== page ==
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Unformatted text preview: Reliable Traffic Information Propagation in Vehicular Ad-Hoc Networks Soyoung Park and Cliff C. Zou University of Central Florida 4000 Central Florida Blvd Orlando FL 32816-2362 Abstract-In a Vehicular Ad-Hoc Network (VANET), an important application is to let moving vehicles collaborate with each other by sharing traffic information and alerting others of any emergency or accidental scenarios. To make this application possible, a security mechanism must be designed in the beginning to guarantee that no malicious vehicles or persons can intercept, manipulate, or modify traffic information propagating in a VANET without being detected. In this paper, we present a novel approach to provide reliable traffic information propagation in a VANET: two-directional data verification . Two-directional data verification approach uses vehicles in both directions of a two-way road as two separated media channels to propagate traffic data. By receiving messages from both channels, a recipient vehicle verifies the message integrity by checking if data received from both channels are matched. This approach exploits the fact that it is difficult for an adversary to have two collaborative vehicles on both driving directions in the same region. Even if an adversary can do this, it is costly and attacks can be done only in a short time period. The proposed approach is simple and readily to be implemented, requiring no complicated public-key infrastructure to protect traffic information propagation in VANET. I. INTRODUCTION A. Background and Related Work With a significant development of network technologies, vehicular ad-hoc network (VANET) has been emerging as a killing application in a ubiquitous environment. In the VANET environment, vehicles can sense and create their own traffic information then they communicate with each other to collect their local traffic information. Since the traffic messages can be delivered to vehicles faster and further, drivers can react and prepare against sudden traffic events in advance. Finally, vehicles can drive collaboratively to speed up the flow of traffic. The existing traffic broadcasting systems, such as traffic radio, can give traffic information periodically for some specific locations and directions. However drivers only need to know the newest detail information related to their future driving route, which cannot be provided by current broadcasting systems. Researchers have conducted many researches about self- organizing traffic information system (SOTIS) , security and privacy issues [2-7], fast authentication [8-10], secure data aggregation [11-12], and detecting and correcting malicious data [12-13] in VANET. Among these security challenges, we especially concern about reliable traffic information propagating through multiple vehicles over a relatively long distance. Unlike typical traffic messages of each vehicle such as moving direction, location, speed and temporary brake which are useful for neighboring vehicles,...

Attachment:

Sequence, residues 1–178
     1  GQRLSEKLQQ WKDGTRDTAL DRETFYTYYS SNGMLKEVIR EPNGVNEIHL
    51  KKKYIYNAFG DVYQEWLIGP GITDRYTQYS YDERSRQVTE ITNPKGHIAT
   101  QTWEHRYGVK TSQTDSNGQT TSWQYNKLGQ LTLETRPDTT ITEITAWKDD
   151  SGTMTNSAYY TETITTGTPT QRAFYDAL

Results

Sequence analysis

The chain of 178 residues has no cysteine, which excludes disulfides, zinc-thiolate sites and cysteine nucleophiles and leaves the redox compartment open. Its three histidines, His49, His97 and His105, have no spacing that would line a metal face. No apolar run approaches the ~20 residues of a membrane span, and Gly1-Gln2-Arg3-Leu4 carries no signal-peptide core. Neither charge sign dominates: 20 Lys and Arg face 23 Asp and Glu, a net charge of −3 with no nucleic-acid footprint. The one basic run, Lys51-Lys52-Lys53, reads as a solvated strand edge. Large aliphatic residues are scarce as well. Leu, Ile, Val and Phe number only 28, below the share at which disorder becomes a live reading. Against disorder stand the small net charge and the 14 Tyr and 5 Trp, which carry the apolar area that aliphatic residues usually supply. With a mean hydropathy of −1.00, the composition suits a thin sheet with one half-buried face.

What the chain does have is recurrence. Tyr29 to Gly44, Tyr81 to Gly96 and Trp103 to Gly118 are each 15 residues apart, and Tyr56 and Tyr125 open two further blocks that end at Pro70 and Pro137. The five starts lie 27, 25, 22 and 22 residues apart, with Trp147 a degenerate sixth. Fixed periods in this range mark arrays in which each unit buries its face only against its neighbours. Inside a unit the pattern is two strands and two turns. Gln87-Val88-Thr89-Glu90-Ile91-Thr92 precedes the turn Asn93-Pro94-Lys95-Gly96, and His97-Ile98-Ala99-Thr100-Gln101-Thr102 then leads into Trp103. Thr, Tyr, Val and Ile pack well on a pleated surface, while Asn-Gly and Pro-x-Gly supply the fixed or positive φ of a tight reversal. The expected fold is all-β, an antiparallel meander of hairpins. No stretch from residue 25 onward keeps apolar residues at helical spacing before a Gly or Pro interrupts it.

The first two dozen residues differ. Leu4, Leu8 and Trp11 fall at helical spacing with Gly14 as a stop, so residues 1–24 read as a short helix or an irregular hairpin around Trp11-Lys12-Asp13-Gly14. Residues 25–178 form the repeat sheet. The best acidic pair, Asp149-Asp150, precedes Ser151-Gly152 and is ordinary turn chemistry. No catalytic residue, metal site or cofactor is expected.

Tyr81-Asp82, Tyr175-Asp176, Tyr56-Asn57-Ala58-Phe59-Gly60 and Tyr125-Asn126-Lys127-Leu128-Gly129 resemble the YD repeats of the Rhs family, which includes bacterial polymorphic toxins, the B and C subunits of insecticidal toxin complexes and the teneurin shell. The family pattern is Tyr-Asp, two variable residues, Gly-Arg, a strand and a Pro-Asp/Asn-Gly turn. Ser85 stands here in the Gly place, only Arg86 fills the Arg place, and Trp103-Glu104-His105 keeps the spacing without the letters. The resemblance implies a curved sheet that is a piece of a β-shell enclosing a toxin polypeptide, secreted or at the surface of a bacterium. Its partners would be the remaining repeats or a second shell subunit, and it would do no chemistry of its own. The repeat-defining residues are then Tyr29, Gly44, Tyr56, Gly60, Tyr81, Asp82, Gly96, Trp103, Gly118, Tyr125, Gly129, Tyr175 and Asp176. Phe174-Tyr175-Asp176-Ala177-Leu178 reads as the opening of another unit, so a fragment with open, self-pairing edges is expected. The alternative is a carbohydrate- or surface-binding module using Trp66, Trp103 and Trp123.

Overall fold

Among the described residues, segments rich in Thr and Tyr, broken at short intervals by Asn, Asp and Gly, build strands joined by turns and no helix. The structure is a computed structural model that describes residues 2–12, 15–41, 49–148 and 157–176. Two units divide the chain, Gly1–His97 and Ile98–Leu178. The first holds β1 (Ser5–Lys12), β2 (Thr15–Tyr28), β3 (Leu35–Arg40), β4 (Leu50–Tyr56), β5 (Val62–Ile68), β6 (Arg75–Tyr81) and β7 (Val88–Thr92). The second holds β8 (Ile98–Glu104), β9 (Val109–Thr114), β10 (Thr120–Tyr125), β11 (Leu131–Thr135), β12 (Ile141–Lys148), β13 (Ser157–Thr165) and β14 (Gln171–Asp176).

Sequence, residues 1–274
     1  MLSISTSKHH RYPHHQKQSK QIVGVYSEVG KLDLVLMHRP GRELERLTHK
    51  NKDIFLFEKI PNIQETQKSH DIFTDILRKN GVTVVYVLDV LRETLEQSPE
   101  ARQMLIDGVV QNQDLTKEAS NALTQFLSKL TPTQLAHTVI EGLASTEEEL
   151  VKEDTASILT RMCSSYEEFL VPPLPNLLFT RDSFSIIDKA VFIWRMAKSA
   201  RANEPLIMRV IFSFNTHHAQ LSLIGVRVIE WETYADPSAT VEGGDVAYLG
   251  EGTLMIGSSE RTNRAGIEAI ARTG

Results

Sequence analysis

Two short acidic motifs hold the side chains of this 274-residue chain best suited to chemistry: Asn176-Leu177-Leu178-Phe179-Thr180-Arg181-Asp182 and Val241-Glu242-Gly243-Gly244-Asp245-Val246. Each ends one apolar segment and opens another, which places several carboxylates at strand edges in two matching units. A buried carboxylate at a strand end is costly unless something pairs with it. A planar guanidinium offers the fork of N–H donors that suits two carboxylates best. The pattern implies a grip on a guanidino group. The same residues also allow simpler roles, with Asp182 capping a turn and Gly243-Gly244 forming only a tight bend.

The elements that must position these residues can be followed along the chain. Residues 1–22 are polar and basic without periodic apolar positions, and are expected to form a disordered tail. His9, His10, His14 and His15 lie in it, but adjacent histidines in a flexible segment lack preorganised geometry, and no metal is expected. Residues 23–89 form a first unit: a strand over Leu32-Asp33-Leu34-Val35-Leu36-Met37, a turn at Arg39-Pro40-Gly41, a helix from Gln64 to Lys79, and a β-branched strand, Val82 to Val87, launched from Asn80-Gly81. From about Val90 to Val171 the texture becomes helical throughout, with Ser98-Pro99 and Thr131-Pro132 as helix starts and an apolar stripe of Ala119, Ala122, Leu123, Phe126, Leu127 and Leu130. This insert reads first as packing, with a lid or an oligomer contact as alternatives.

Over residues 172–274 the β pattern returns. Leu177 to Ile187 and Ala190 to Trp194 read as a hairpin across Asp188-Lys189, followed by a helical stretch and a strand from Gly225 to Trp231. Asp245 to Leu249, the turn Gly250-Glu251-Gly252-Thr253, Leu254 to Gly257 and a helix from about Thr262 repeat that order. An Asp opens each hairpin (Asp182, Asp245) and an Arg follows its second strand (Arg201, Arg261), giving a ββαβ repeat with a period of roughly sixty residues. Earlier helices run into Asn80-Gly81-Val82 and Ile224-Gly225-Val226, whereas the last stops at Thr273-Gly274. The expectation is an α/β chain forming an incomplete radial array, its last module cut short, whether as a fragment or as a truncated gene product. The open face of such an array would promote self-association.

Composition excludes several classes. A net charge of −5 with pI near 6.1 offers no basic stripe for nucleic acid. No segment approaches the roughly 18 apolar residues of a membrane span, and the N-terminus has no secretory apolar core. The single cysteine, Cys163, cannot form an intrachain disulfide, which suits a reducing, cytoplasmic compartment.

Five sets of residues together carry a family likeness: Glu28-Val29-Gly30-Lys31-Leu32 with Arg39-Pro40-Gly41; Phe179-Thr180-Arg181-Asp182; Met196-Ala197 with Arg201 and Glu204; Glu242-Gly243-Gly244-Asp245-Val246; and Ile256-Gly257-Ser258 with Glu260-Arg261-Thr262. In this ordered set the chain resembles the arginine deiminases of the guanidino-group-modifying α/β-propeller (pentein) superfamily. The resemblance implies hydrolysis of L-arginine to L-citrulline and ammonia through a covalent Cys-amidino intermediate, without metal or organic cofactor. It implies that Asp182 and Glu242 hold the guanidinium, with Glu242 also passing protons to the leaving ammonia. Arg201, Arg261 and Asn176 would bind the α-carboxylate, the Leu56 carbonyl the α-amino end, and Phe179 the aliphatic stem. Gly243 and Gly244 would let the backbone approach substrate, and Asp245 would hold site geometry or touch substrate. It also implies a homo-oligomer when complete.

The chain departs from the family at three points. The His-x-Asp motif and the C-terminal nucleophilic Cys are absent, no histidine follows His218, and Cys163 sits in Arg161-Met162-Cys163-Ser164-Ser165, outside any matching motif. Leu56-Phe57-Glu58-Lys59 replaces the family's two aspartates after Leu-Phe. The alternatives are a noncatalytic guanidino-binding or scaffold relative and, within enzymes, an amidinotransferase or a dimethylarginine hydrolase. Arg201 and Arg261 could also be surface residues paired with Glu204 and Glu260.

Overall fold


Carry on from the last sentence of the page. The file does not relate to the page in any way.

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This note was uploaded on 08/25/2011 for the course EEL 5937 taught by Professor Staff during the Spring '08 term at University of Central Florida.
- Spring '08